2014 Statistics: .150/.219/.271, 3 HR, 32 wRC+, -1.3 fWAR
2015 Contract Status: Free Agent
This time last year, Stephen Drew was coming off of a solid .253/.333/443 season with the Red Sox, which coupled with his strong defense at shortstop, made him roughly a 3 win player. All in all, Drew looked like an above-average shortstop who was about to sign a semi-lucrative, multi-year contract. That never came to be, however, as the market for Drew’s services completely dried up after the Red Sox extended him a qualifying offer, which he declined. Any team wishing to sign Drew would have needed to cough up their top unprotected draft pick to the Red Sox, which was enough to scare many teams away. Drew received some interest from a few teams — including the Yankees — last winter, but he ultimately opted to sit out the start of the year, hoping that a market would eventually develop for his services.
After originally deciding to role with rookie Xander Boegaerts as their shortstop, the Red Sox had a change of heart in late May, and resigned Drew to infuse some life into their struggling lineup. Drew didn’t hit a lick in Boston, managing to hit just .176/.255/.328 in 39 games, and was dealt to the Yankees for the equally-useless Kelly Johnson at the July 31st deadline. Drew immediately replaced Brian Roberts at second base, and at the time, it seemed like he had a shot at being the future at shortstop for the Yankees. Although he’d struggled at the plate in 2013, he had a decent offensive track record and was still a solid defender at short.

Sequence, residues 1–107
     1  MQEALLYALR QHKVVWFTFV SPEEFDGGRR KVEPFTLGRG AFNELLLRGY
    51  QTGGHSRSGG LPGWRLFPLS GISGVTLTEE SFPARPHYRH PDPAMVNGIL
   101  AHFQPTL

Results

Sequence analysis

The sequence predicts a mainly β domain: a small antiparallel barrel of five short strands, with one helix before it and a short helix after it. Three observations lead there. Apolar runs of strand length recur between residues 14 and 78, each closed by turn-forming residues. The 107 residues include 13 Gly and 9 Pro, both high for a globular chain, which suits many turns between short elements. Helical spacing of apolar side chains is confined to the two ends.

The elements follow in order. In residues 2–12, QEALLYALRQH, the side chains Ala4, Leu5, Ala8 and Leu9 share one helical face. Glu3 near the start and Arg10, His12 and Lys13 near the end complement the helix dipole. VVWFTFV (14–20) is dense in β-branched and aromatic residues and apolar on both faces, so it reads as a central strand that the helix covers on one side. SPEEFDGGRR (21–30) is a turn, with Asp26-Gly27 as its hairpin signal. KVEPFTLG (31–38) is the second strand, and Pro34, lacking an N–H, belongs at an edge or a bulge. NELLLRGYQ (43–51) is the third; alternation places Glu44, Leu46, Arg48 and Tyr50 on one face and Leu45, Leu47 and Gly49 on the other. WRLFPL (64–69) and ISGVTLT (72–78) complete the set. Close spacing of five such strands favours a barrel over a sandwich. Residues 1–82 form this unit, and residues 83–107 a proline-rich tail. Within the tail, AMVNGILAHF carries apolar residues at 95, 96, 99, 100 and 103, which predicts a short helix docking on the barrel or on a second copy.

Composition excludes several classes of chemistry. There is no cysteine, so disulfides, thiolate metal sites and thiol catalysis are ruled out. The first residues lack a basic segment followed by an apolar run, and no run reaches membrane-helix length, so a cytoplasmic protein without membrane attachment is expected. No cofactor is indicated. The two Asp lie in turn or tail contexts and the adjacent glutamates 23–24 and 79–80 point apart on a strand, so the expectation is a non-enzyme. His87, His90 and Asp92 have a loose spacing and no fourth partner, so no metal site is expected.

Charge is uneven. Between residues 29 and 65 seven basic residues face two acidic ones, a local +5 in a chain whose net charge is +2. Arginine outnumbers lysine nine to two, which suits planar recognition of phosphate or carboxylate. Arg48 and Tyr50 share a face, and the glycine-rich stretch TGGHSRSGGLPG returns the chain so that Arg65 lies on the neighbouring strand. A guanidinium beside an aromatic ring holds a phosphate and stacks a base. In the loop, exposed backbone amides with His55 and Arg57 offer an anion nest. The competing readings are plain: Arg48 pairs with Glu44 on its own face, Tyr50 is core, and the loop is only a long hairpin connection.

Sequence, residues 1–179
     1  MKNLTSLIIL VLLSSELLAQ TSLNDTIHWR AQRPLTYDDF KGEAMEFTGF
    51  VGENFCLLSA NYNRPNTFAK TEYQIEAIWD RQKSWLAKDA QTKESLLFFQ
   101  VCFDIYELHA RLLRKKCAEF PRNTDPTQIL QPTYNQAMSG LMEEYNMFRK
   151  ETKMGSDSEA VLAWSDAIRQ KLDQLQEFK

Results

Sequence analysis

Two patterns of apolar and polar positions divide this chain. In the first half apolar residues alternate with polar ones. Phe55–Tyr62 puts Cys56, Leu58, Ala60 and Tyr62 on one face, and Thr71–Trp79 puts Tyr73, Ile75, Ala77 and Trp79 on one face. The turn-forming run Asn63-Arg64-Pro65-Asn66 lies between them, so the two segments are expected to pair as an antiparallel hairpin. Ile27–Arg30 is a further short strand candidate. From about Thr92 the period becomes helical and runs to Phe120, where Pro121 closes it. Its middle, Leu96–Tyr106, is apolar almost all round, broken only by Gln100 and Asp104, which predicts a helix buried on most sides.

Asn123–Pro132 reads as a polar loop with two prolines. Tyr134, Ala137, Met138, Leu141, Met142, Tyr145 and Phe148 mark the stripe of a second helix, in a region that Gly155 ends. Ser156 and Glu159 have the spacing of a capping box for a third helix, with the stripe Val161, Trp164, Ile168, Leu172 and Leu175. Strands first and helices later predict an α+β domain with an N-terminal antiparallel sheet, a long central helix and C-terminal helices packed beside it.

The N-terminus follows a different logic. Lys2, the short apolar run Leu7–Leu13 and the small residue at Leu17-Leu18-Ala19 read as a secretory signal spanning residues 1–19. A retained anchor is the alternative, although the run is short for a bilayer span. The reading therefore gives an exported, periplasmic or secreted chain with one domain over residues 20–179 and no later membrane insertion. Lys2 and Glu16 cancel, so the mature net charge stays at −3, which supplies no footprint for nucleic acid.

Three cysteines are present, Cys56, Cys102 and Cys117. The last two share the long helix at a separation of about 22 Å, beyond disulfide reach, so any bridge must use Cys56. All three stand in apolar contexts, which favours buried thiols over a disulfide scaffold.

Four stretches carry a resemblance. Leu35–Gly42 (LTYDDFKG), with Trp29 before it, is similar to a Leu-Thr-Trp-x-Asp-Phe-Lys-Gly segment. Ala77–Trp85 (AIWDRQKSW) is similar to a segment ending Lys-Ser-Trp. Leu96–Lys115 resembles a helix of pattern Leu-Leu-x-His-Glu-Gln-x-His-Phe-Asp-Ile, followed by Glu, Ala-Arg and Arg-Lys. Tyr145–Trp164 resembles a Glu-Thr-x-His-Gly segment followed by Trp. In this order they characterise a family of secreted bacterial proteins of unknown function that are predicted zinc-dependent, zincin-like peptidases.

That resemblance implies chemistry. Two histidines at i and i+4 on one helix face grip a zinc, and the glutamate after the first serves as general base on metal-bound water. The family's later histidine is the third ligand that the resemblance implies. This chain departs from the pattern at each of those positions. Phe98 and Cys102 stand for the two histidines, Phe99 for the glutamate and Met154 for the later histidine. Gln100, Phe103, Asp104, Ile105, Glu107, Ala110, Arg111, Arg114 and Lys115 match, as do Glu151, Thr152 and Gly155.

Unfortunately, Drew never did turn things around, and actually hit even worse upon arriving in New York. He followed up his 57 wRC+ in Boston with a 32 clip in 46 games with the Bombers, and ended the year with a disgraceful -1.1 fWAR. Bad luck certainly played a role, as Drew’s .175 BABIP with the Yankees was markedly lower than he (or nearly anyone else, really) has posted in the past.
But unlucky or not, Drew almost certainly played himself out of a starting gig in 2015. He’ll latch on somewhere, but probably won’t be returning to the Yankees, who already have Brendan Ryan and Jose Pirela under contract as viable utility infielders. A rebound’s certainly not out of the question for Drew, but it’s also easy to envision his dismal 2014 campaign being the beginning of the end.
This article originally appeared on Pinstripe Alley.